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tanks. i would like to fill that space with more fermenters right now, they're going to cost me 30% more than they did last year so i'm not quite sure what my timeline looks like for that expansion. >> the owners say the cost of cans and kegs for its beer has increased by 58% this year due to tariffs and that's why elementary sells more than 70% of its beer. it's not just elementary feeling the impact, the brewers association, the trade group that represents craft brewers are worried that the tariffs can threaten the growth of the industry last year, 42% of imported brewer equipment came from china. they say increased expenses are making it very difficult for the roughly 3,000 brewers in the process of opening up to actually make those plans a reality. the one bright spot here is that the production of craft beer is up 4% year over year, still a very difficult environment for these small business owners who are making their goods here in america, really feeling the pinch of those tariffs back over to you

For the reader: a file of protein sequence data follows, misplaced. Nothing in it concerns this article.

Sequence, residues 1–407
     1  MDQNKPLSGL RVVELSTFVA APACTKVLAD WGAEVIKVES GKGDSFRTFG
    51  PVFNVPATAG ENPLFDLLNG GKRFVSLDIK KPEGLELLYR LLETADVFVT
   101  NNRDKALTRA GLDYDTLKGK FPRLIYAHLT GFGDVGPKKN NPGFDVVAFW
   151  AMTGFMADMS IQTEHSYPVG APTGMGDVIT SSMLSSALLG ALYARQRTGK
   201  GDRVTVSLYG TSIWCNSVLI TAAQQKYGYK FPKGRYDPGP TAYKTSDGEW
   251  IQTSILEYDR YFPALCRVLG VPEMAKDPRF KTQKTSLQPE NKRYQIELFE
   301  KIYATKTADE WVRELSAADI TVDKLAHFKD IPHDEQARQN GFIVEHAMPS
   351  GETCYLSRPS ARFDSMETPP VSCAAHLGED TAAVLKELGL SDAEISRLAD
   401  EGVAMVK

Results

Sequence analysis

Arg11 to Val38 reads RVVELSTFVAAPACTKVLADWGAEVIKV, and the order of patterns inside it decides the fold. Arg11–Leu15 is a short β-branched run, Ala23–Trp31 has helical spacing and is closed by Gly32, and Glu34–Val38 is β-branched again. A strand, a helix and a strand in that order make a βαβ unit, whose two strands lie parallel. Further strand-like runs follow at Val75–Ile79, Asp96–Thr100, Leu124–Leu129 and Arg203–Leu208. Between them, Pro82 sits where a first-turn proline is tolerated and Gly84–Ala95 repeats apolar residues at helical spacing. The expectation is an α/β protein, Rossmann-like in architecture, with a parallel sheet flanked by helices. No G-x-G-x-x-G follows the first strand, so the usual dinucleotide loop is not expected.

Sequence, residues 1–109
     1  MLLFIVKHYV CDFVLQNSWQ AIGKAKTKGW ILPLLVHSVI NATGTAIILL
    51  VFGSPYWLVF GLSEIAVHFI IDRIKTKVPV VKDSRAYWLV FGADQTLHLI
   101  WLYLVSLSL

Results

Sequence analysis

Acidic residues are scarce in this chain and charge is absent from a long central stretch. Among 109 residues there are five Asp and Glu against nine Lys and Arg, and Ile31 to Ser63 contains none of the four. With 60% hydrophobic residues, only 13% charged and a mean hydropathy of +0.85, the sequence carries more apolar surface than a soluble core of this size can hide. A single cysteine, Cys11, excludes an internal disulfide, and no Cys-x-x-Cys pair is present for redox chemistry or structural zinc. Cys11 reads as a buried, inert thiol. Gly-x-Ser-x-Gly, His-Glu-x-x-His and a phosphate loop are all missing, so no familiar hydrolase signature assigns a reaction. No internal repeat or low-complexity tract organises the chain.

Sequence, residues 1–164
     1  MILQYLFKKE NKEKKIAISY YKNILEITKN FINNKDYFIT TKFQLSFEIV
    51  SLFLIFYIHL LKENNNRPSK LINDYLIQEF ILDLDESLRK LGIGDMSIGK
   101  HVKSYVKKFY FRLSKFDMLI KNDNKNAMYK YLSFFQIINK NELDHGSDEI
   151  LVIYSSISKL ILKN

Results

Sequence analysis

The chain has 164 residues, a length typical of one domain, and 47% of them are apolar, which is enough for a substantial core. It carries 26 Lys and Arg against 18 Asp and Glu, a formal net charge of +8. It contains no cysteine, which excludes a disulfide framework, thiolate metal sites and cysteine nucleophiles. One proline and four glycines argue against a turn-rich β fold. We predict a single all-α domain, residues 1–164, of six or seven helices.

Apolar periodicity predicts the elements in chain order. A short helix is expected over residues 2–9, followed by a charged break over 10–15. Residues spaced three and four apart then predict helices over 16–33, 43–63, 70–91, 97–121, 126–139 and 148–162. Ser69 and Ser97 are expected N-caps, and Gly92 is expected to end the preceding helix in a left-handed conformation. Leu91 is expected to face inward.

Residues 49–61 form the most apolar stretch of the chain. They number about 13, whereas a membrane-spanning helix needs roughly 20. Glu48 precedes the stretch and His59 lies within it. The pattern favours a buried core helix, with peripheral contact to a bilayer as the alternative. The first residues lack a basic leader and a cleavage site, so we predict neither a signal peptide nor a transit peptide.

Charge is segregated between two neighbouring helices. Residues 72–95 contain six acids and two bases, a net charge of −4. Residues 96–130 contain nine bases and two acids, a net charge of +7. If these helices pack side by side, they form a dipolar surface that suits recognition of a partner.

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>> frank, thanks very much another side effect we hadn't thought about. frank holland. >> here's a taste of other stories we're looking at with just 121 days until christmas, wells fargo doesn't see a great shopping season ahead for retailers. a gloomy view based on retail's lower guidance, the holiday's condensed calancer, and reduced tourist spending it all ad ads up to a bad sign. >> and let's not forget, last year was a pretty good year. the comparisons would be very difficult as well. and we know that retailers have been loading up ahead of time on inventory. it's entirely possible they overdid it you may see a lot of discounting to closer you get to the holidays as a result that could do it >> absolutely. >> here's another one. kfc is get into the meatless mania craze. colonel sanders will soon be serving vegan fried chicken